A key part of the NHS Long Term Plan involves the reorganisation of stroke services to create centralised and specialist Hyper Acute Stroke Units (HASUs), which involves reducing the overall number of stroke-receiving hospitals in favour of fewer but more specialist, well-equipped units providing a 24/7 service.
Unsurprisingly, plans to stop providing stroke services at certain hospitals are often controversial with the local population, particularly since it is well known that the speed at which stroke patients are treated is critical to survival rates and recovery.
As a consequence, there have been two recent judicial review challenges on this topic; whilst a number of issues were raised, the focus of this article is on the duty to involve patients in service reconfiguration and the robustness of the court in rejecting challenges where extensive engagement and consultation has taken place.
Nettleship v South Tyneside CCG and Sunderland CCG
This Court of Appeal case involved the CCGs’ decision to reconfigure stroke and other services (namely maternity, gynaecology, and emergency paediatrics) across two hospitals, the Sunderland Royal Hospital (SRH) and South Tyneside District Hospital (STDH).
The CCG embarked upon a pre-engagement ‘listening phase’ prior to taking a decision, pursuant to which an Issues Paper was published identifying the need for change, particularly given the difficulty specific to stroke services in recruiting and retaining sufficient consultants. The CCGs held a series of public engagement events, before publishing a Pre-Consultation Business Case (PCBC) which referred to potential options for future services that had been considered; for stroke services this included an option to develop single-site services at SRH and an option to retain appropriate safe service delivery at STDH in order to maximise patient choices. The PCBC explained that ‘hurdle criteria’ had then been applied to ensure sustainability, high quality of care, affordability and deliverability thereby reducing the number of options to 3, all of which involved the closure of stroke services at STDH. The original list of options was not included within the PCBC, and nor were the CCGs' evaluation of how each option was evaluated against the hurdle criteria or the evidence relied upon in concluding which of the options was to go forward.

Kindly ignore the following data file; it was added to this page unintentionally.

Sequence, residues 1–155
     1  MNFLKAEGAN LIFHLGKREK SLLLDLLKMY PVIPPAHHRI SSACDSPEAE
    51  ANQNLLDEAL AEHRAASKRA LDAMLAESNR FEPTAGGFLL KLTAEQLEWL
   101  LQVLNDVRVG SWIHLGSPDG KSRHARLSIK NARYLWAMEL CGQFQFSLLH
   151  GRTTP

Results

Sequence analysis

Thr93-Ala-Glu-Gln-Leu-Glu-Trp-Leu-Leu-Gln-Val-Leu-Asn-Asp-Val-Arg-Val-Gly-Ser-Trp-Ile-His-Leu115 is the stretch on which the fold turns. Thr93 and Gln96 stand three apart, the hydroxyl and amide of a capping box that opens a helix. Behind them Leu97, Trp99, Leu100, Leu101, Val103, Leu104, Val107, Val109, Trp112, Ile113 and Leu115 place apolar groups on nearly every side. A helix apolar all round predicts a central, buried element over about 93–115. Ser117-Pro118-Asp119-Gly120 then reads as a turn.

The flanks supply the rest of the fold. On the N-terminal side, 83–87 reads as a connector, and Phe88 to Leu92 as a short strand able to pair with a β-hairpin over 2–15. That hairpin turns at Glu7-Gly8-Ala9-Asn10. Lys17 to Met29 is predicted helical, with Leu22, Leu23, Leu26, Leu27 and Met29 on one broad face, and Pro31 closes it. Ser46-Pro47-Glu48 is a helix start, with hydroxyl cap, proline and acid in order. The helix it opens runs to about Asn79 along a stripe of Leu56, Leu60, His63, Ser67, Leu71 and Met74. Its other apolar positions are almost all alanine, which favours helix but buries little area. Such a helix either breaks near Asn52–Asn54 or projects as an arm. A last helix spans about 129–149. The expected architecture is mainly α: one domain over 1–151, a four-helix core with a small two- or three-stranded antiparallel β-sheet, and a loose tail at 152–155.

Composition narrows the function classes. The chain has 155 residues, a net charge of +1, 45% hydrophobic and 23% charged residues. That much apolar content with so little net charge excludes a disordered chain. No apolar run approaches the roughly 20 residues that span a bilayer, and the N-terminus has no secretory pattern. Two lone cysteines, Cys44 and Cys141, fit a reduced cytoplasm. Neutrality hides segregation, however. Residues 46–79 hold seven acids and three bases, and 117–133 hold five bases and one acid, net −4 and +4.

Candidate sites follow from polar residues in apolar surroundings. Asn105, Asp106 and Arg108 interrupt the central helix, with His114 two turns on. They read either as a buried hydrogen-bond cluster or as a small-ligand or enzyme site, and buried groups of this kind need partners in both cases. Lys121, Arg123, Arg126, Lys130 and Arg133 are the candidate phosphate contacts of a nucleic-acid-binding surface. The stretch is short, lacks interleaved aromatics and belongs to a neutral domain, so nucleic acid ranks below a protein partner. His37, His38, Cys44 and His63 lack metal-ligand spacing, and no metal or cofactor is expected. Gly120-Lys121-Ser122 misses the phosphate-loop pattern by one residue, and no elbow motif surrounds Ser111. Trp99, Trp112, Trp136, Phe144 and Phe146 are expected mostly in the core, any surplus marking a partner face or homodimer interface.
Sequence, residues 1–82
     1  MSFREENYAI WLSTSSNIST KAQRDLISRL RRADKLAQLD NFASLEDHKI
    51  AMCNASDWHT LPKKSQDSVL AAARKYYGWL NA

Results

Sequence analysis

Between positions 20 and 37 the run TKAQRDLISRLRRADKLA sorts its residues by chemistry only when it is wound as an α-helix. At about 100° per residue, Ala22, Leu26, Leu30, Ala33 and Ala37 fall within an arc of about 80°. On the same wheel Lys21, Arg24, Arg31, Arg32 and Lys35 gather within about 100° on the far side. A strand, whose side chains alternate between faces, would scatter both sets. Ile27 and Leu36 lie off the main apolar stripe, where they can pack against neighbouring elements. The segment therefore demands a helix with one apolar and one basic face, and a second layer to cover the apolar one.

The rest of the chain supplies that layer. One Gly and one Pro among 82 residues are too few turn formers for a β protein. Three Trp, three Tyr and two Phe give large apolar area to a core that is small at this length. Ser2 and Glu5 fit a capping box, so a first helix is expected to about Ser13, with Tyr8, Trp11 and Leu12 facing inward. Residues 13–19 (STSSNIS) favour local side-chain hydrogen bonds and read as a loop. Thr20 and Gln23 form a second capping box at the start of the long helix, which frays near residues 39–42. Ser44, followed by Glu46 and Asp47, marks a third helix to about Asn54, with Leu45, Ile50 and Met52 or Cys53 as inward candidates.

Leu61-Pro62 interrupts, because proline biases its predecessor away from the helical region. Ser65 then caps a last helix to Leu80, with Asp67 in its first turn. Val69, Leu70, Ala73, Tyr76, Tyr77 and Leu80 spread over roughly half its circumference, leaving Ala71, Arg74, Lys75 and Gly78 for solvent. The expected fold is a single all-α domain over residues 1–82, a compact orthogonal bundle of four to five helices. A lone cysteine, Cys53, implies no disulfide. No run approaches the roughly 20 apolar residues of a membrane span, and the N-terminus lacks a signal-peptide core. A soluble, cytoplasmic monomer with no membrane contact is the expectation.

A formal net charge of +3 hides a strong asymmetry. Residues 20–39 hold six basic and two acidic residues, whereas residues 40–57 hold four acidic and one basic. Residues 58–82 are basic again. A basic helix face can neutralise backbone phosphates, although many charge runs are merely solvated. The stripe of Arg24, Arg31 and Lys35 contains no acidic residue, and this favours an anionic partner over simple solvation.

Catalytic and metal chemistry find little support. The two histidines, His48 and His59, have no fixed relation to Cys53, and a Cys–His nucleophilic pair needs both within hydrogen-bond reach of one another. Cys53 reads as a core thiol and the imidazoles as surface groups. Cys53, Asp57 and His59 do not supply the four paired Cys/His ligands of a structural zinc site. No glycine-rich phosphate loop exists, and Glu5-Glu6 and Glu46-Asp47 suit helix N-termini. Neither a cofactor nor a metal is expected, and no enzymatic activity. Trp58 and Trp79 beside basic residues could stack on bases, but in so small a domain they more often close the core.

The CCG consulted on the 3 options identified, explaining why ‘doing nothing’ was not an option. A Feedback Analysis Report was commissioned which set out the high level of feedback received, including concerns relating to the travel time between South Tyneside and Sunderland. A decision was only then taken to relocate all acute stroke services from STDH to SRH.
A local resident and member of the campaign group, Save South Tyneside Hospital, argued that the public consultation process was unlawful because the final options were too similar and specifically did not include the option to “retain services” at STDH, in contravention of the statutory duty of public involvement in section 14Z2(2) of the NHS Act 2006. Having considered the issues, the Court of Appeal found that the statutory duty, coupled with statutory guidance, resulted in a duty to consult only on the options which represented genuine proposals for change, and therefore dismissed the appeal on the basis that there was no duty to consult on options which the CCGs deemed to be unviable, unrealistic or unsustainable.
A & Marion Keppel v South Kent Coastal CCG and others
This High Court case involved two judicial review challenges to the decision of the Joint Committee of CCGs in Kent and Medway to close the existing acute stroke unit at the Queen Elizabeth the Queen Mother Hospital (QEQM) in Thanet and establish three HASUs elsewhere in the region.